Their manager receives a notification and can directly approve the payment, ask for more information, or refuse it.
Once approved, the payment details, approval, and receipt are passed to the finance team. They can choose to deal with it immediately, or wait until their regular expense processing timeslot.
The employee, manager, and financial controller can always see how payments are progressing and whether any information is missing. So there’s no need for extra communication back and forth.
Note: With Spendesk, the finance team can even reimburse employees directly from the platform. Which means expenses don’t become muddled up with payroll, and reimbursements can be made on their own schedule.
And all of these steps happen within the same platform. Meaning all information is available in one place, documents rarely get lost, and finance teams know how much has been spent in real time.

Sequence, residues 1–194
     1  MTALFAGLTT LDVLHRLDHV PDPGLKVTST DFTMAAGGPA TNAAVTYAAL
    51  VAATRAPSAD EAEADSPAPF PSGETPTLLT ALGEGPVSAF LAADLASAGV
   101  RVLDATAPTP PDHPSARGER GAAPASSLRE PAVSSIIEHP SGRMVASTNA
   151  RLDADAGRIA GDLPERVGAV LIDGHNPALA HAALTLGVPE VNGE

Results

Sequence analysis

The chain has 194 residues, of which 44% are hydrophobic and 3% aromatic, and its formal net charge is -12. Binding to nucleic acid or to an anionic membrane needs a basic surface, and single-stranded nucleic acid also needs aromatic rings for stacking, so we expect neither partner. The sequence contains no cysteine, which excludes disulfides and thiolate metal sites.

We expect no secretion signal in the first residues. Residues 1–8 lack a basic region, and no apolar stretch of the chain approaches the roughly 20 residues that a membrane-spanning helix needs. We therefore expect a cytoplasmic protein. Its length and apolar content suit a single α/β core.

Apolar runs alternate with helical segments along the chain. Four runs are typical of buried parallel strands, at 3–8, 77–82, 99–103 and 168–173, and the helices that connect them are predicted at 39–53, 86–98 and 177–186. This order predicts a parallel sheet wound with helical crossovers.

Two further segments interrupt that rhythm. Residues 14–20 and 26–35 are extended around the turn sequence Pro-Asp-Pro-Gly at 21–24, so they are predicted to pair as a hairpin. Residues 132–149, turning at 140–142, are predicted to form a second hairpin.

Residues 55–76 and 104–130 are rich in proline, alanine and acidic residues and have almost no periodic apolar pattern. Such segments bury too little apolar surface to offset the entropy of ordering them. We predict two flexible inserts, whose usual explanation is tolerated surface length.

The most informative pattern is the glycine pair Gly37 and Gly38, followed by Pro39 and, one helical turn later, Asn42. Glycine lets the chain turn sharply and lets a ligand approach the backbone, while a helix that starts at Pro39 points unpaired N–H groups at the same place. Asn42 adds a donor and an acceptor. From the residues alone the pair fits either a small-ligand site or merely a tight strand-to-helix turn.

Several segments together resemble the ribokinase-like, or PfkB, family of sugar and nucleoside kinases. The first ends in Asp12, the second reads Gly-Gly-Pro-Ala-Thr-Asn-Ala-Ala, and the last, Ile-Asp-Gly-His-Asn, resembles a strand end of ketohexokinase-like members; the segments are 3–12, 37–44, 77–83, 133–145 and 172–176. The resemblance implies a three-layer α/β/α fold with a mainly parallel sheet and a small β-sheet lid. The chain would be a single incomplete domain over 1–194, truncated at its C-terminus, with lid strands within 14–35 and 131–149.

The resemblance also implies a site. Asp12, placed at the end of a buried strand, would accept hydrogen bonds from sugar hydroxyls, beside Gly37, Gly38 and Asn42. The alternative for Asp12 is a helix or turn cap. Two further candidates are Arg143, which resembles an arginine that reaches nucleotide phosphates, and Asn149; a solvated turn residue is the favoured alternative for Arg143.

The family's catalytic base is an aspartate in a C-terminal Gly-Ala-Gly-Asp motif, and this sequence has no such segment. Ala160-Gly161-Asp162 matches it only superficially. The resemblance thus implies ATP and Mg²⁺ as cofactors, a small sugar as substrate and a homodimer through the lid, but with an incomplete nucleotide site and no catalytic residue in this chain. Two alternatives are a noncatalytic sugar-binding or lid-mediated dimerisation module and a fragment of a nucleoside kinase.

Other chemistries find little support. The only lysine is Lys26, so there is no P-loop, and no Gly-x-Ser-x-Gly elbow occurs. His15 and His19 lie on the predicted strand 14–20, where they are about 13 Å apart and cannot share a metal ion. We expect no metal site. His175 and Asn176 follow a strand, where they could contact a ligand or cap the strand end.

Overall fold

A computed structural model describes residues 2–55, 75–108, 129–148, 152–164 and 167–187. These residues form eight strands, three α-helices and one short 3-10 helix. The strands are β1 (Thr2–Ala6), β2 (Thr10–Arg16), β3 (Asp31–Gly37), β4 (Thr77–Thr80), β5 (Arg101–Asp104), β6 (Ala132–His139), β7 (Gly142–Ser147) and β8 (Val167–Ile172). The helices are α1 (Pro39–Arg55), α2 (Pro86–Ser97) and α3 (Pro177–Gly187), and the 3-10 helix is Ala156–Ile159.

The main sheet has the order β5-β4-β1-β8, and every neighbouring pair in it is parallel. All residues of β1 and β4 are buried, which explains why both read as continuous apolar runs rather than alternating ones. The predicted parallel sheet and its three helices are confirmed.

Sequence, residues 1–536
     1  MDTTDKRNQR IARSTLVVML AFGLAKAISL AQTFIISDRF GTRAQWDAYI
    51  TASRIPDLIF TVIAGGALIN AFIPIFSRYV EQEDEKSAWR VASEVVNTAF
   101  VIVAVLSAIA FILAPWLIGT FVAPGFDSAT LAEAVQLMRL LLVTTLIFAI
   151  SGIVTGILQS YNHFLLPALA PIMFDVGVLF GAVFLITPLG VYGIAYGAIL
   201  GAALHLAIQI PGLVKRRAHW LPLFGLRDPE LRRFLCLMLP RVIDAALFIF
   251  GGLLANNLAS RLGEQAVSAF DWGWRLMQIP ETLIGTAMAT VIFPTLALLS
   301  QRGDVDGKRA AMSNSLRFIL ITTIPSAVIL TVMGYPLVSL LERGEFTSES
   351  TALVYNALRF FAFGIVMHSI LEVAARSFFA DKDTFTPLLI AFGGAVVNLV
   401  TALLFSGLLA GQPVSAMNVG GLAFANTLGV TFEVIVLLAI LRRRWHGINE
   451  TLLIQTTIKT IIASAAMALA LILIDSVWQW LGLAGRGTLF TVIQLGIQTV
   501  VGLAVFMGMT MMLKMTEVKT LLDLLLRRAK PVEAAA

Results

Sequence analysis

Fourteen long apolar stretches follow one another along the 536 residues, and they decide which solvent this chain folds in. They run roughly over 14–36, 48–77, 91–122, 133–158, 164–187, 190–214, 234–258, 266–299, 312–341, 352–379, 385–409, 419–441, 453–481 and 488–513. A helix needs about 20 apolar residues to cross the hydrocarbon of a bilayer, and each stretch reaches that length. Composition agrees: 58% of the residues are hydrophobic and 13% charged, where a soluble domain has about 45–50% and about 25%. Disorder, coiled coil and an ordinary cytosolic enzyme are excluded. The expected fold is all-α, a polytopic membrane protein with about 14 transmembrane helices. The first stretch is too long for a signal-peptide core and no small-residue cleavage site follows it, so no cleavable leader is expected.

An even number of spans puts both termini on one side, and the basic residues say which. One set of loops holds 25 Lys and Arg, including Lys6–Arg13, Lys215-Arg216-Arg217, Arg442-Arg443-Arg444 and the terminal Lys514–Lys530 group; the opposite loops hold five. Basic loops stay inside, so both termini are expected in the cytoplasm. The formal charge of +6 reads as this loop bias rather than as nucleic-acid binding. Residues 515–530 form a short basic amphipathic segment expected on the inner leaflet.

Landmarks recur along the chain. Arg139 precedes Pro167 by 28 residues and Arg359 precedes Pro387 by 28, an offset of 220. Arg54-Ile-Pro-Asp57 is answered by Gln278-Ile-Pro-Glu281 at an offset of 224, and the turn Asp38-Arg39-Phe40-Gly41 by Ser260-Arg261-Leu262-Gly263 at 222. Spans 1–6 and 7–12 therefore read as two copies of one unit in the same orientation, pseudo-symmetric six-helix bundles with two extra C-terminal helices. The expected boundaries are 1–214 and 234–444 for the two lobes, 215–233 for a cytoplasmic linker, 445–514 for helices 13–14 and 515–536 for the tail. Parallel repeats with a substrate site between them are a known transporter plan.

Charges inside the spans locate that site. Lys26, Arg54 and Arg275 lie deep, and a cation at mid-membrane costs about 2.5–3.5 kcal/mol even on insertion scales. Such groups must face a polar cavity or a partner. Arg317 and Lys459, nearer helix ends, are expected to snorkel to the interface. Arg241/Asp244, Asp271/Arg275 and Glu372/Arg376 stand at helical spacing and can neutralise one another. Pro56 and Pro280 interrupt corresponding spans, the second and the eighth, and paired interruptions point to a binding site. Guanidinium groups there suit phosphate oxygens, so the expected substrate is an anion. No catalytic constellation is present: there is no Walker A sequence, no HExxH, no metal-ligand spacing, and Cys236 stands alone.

Invoices are another common way of spending - even if they aren’t normally thought of in the same breath as credit cards and expense reports.
If you don’t yet have a full-scale procurement team, the people who handle invoices first are frontline staff. For instance, your marketing team might find a freelancer to design some new materials. They know who they want and they have their budget, so it makes sense for them to deal with this transaction.
But once the freelancer has sent in an invoice, how does the marketing team handle it? Typically, they’d forward it to the finance team who then have to make sure it’s legitimate, arrange for payment, and manually enter all of the invoice details into their system.
And this whole process - once again - requires a lot of back-and-forth communication.